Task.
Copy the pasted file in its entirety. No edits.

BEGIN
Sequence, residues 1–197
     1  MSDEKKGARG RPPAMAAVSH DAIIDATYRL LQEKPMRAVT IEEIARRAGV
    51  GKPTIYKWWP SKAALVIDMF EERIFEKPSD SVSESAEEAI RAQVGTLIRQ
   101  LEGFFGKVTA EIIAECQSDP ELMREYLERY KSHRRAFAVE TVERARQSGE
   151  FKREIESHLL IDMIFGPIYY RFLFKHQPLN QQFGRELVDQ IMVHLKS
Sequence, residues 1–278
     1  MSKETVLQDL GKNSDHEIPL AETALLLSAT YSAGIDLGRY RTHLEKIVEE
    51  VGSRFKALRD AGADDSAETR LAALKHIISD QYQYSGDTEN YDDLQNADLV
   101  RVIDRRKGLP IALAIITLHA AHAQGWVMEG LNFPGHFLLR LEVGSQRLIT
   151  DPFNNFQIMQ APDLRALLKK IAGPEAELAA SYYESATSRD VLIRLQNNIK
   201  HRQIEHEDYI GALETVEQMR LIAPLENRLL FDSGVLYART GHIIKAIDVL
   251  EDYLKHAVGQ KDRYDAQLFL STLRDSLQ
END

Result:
Sequence, residues 1–197
     1  MSDEKKGARG RPPAMAAVSH DAIIDATYRL LQEKPMRAVT IEEIARRAGV
    51  GKPTIYKWWP SKAALVIDMF EERIFEKPSD SVSESAEEAI RAQVGTLIRQ
   101  LEGFFGKVTA EIIAECQSDP ELMREYLERY KSHRRAFAVE TVERARQSGE
   151  FKREIESHLL IDMIFGPIYY RFLFKHQPLN QQFGRELVDQ IMVHLKS
Sequence, residues 1–278
     1  MSKETVLQDL GKNSDHEIPL AETALLLSAT YSAGIDLGRY RTHLEKIVEE
    51  VGSRFKALRD AGADDSAETR LAALKHIISD QYQYSGDTEN YDDLQNADLV
   101  RVIDRRKGLP IALAIITLHA AHAQGWVMEG LNFPGHFLLR LEVGSQRLIT
   151  DPFNNFQIMQ APDLRALLKK IAGPEAELAA SYYESATSRD VLIRLQNNIK
   201  HRQIEHEDYI GALETVEQMR LIAPLENRLL FDSGVLYART GHIIKAIDVL
   251  EDYLKHAVGQ KDRYDAQLFL STLRDSLQ